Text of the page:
Cappuccino Soul

Cappuccino Soul

Monday, January 08, 2007

Negro Spirituals and Zora Neale Hurston

Presently I’m reading a Zora Neale Hurston biography called Wrapped in Rainbows by Valerie Boyd. It’s an amazing retelling of Hurston’s life, starting with her birth in Alabama and her colorful and dramatic life with her family in Eatonville, Florida.

Boyd depicts Zora, born January 7, 1891, as a spunky, inquisitive, imaginative and playful character. Her life was beset with great tragedy when she reached adolescence—her mother died and her dad remarried in a hurry. She was virtually kicked out of the family house and had to fend for herself shortly after that.

I haven’t finished the book yet, but I’ve read enough to know that Hurston was a great lover of African-American history and culture. She reveled in the folktales, magical practices, and dialect of black southern life. Her love for her people led her to study anthropology at Columbia University’s Barnard College while she continued to study literature at the same school.

Hurston wrote several short stories and essays for magazines such as the NAACP’s Crisis magazine, the Urban League’s Opportunity: A Journal of Negro Life, and a few literary journals. In a 1925 essay in The Messenger, Hurston criticized some Howard University students who had protested singing Negro Spirituals for the school’s white president. This was evidently a ritual that was performed each year. In Wrapped in Rainbows, Boyd wrote that the students “denounced the down home spirituals for their poor grammar, and they pointed out that spirituals were not sung in white universities.” But Zora defended the practice and remembered her participation in the singing events with pride. She defended the songs as “authentic and valuable expressions of black folk culture,” Boyd wrote.

Decades after Zora published her defensive essay on the practice of singing Negro Spirituals at Howard University, students at Howard High School in Chattanooga were gleefully keeping the tradition alive. They began singing the songs when they gathered at the home of Howard’s music teacher, Edmonia Johnson Simmons. By 1974 the singing group had formed a group now known as the Chattanooga Choral Society for the Preservation of African American Song.

Two of my favorite famous Negro Spirituals are “Swing Low Sweet Chariot” and “Sometimes I Feel Like a Motherless Child.”

Check out a detailed chronology of events in Zora Neale Hurston’s life at ChickenBones: A Journal. This remarkable literary figure and lover of African-American culture died on January 28, 1960.


Anonymous said...

When I first saw Eatonville Florida is was in 1970 and almost still like it may have been when Miss Hurston last saw it. Its not so much like that now. I remember in my earlier years of trucking the area around Eatonville was still farmland-now all of the consumption of near by Orlando has taken the farms and put huge houses there that dwell so many people who sadly have no idea of the world Miss Hurston lived in and wrote about. I recall great nights I have had in a juke near there-not too real far,down the road-46-in Geneva...but our trucks would be back in Eatonville. There's this great aura in the spirit of the southern black people-I always loved being along on these different adventures,always able to visualize Zora N Hurstons characters when I am with the friends I've made through these years.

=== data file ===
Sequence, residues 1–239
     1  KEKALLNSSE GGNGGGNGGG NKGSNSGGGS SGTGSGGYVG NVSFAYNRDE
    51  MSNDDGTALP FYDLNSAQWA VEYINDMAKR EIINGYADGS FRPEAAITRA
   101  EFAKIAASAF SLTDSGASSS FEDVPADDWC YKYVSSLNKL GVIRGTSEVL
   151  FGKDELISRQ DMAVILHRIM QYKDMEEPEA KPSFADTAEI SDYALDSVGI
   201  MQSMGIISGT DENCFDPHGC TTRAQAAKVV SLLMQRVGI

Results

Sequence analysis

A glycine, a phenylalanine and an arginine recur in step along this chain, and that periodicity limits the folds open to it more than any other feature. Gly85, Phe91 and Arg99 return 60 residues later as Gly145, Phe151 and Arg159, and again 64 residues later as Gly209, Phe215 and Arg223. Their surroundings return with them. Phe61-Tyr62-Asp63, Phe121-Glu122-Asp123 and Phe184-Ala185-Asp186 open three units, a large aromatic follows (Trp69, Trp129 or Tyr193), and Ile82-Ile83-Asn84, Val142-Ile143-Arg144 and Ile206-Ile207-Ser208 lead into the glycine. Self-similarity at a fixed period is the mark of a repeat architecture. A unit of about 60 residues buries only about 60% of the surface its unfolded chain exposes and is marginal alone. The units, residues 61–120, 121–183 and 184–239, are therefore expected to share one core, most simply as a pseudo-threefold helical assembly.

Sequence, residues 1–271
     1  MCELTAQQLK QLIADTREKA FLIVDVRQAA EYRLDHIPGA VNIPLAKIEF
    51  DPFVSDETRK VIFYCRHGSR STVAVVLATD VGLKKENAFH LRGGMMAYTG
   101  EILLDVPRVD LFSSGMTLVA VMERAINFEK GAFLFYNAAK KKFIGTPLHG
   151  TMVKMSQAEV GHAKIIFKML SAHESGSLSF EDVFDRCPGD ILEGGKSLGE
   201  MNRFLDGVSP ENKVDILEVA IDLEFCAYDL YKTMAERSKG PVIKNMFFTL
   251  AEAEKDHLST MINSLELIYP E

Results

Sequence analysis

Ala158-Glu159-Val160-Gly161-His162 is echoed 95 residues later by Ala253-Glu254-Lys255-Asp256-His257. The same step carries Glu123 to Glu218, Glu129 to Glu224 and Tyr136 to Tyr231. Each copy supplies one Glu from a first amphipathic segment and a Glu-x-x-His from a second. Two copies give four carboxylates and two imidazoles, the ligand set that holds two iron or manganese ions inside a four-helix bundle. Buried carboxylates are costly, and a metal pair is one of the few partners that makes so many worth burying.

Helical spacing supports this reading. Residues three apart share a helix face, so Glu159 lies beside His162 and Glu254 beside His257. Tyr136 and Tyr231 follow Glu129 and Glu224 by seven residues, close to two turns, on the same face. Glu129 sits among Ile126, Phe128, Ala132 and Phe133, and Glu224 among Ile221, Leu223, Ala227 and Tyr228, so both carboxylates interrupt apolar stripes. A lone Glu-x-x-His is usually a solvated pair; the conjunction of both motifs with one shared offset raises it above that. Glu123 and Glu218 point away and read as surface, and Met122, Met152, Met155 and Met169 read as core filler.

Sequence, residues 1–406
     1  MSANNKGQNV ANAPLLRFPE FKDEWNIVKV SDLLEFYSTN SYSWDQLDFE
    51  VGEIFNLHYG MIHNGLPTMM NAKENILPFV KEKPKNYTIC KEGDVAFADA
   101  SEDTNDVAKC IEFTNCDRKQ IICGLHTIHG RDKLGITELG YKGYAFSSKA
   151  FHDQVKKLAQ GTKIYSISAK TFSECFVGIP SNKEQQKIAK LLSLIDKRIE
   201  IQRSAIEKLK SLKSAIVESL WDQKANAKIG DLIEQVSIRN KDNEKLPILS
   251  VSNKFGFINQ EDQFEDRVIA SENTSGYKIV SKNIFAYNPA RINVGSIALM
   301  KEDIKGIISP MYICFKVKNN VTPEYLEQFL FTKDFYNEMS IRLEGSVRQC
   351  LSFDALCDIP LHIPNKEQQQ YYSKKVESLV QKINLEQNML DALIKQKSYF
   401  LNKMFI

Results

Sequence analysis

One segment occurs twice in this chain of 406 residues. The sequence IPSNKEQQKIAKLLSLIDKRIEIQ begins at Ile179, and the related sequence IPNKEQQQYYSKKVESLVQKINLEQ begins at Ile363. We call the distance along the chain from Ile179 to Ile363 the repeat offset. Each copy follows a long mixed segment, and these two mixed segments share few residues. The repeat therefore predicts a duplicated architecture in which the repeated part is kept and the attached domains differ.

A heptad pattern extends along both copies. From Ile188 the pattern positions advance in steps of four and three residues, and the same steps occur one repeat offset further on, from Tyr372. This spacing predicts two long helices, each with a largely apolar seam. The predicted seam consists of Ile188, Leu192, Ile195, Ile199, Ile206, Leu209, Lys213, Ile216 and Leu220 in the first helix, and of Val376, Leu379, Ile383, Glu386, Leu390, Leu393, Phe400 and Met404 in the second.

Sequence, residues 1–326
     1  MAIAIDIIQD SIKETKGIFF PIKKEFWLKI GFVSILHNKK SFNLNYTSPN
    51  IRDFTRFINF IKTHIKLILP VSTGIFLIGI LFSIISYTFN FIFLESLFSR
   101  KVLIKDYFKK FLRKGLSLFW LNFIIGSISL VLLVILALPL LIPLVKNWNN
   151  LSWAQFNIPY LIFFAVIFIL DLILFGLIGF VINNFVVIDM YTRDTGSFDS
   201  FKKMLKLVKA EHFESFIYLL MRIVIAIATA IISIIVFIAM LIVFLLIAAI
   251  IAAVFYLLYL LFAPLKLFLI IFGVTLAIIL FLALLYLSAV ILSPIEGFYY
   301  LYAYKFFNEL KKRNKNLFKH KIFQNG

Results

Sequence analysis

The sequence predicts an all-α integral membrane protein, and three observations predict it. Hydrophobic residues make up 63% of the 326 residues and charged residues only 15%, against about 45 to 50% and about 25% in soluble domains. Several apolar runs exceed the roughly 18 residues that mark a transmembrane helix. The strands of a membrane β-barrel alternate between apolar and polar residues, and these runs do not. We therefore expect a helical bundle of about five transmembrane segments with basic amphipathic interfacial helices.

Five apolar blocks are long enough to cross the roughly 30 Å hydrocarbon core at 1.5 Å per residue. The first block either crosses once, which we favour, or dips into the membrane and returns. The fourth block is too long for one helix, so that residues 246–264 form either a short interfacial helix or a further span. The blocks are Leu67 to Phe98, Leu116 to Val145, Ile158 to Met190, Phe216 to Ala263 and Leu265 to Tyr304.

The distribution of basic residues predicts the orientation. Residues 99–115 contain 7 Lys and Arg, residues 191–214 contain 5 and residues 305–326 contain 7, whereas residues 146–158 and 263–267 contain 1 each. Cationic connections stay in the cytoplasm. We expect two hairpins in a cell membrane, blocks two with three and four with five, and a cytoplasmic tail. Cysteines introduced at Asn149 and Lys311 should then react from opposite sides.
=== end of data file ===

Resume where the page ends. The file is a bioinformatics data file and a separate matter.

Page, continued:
Nice blog.

Cappuccino Soul said...


Thanks for commenting. Eatonville does indeed seem magical. I'm hoping to go to the Zora Neale Hurston Festival in Florida one of these days. Her gifts and magic are still with us. What a powerful force.


Sara said...

Their Eyes Were Watching God is on my top ten list. A very good read.
As the holder of an English degree I took a class on African-American literature in college and I would have to say that TEWWG stood out, but then again, we didn't read a bad book in that class.:-)

Cappuccino Soul said...

Thanks for commenting. Yes, Their Eyes Were Watching God is a masterpiece. Zora Neale Hurston didn't have to write another thing after she wrote this book because it was as close to perfect as most books that I've read. The book just sings to you as you read it.

Valerie said...

Hi there,
I just ran across your blog. I'm Valerie Boyd, author of Wrapped in Rainbows. I'm glad you're enjoying reading about Zora's remarkable life. I really like your blog and will check it out regularly--even when you're not talking about Zora.....

Cappuccino Soul said...

Ms. Boyd,
My goodness! I am very surprised that you've found my little blog, but I'm elated that you did. Let me take this opportunity to say that I LOVE Wrapped in Rainbows. I'm only a quarter of the way through and I have to tell you that your take on Ms. Hurston's life is inspiring. Thank you for writing this gift to readers and thanks for keeping the spirit of Zora Neale Hurston alive. Thank you also for planning to visit my blog in the future.
With much respect,

Valerie said...

Hi Alicia,
I am so glad that you're loving Rainbows and loving Zora. The great New Orleans writer and activist Kalamu Ya Salaam posted a note about your blog on his listserve, e-drum, which has hundreds of members. That's how I heard about your blog. You're doing a great job with it, and I appreciate your good words about Wrapped in Rainbows.

Cappuccino Soul said...

Thanks for the compliment. I'm working hard to keep up my energy and passion for the blog. I feel that if I post those things that I'm inspired by and drawn to then others will come to the blog and also be inspired.

I am a member of Kalamu's e-drum. Where would we be without brother Kalamu? He's a powerful spirit and nurturer of us artists.

I'm well into Wrapped in Rainbows now. Your book is giving me great ideas left and right.
Peace and blessings,